Mennonite World Conference sent a delegation in December to Hong Kong to hear church members’ concerns and show solidarity amid political unrest and social shifts that can lead to differences of opinion within families.
Responding to a request for perspectives on Anabaptist peacemaking, the delegation from MWC’s Peace and Deacons commissions visited three Mennonite churches Dec. 1-8, along with other denominations and educational institutions.
Hong Kong is experiencing its most tumultuous political situation in decades. Protests, mostly involving young people, are continuing into a sixth month.
The protesters demand withdrawal of an extradition bill, investigation into alleged police brutality, full amnesty for those arrested during the protest, declassification of protesters as “rioters” and universal suffrage in Hong Kong.
Although the extradition bill has been withdrawn, protesters refuse to back down until all five demands are met.
Delegation member Wendy Kroeker, who teaches peace and conflict transformation studies at Canadian Mennonite University in Winnipeg, Man., observed a generational split.
“Youth in the church have said we need to be on the streets, and if the church isn’t out there with us, then we don’t know what its relevance is for our lives,” said Kroeker, a member of the Peace Commission.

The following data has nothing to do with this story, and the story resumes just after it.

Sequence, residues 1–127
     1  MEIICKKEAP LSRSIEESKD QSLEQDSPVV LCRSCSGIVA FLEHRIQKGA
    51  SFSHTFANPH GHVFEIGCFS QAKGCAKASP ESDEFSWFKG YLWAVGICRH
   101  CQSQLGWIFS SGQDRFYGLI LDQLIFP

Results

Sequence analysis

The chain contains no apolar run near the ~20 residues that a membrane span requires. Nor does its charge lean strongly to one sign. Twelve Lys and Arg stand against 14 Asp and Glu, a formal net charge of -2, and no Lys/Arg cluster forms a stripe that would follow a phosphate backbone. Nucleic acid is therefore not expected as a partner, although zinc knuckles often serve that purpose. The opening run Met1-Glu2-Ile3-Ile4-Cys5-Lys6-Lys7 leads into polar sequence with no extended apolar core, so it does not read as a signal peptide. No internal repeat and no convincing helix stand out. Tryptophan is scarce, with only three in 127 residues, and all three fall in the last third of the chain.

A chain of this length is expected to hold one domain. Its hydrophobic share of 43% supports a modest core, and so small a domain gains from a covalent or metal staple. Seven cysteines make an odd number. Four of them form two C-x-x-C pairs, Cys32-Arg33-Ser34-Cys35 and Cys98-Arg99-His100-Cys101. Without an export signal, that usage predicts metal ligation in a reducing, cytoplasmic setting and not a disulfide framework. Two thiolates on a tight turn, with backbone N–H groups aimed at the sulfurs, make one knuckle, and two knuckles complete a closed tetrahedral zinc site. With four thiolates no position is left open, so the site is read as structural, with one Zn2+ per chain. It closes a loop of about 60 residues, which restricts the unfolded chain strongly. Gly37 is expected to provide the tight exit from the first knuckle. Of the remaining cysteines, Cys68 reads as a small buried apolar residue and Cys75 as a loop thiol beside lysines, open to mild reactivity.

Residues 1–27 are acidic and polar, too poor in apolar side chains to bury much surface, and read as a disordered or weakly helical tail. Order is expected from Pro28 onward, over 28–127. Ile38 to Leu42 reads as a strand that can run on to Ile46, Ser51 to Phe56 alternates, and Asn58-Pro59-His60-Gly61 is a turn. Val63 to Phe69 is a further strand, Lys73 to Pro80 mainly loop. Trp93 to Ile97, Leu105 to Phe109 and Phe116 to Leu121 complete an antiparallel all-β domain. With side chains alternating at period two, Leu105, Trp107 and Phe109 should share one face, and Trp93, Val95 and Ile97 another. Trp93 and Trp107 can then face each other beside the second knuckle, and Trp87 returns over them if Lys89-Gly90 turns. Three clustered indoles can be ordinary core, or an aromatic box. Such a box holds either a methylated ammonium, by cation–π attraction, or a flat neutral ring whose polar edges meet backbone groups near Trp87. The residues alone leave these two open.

“The thinking with older people is ‘Mennonites are peaceful, right? So, we shouldn’t be out there. Right?’ That of course begs the question, what is a Mennonite peace theology?”
Kroeker was joined by Peace Commission chair Joji Pantoja, who serves with Mennonite Church Canada as a mission worker in the Philippines, and Deacons Commission members Siaka Traoré of Burkina Faso and Henk Stenvers of the Netherlands.
The delegation listened to the experiences and hopes of church members while also sharing some of their experience of mediation and reconciliation.
Jeremiah Choi, pastor of Agape Mennonite Church in Hong Kong, said people are accustomed to focusing on studies or work rather than politics.
“Now they have political aspiration, but politics are dividing the people, including in the church,” he said. “We ask that the global church support us in prayer. Pray for wisdom for the leaders, the protesters and the police, that there will be a peaceful resolution to this and that churches can have unity and become peacemakers when some choose to be violent.”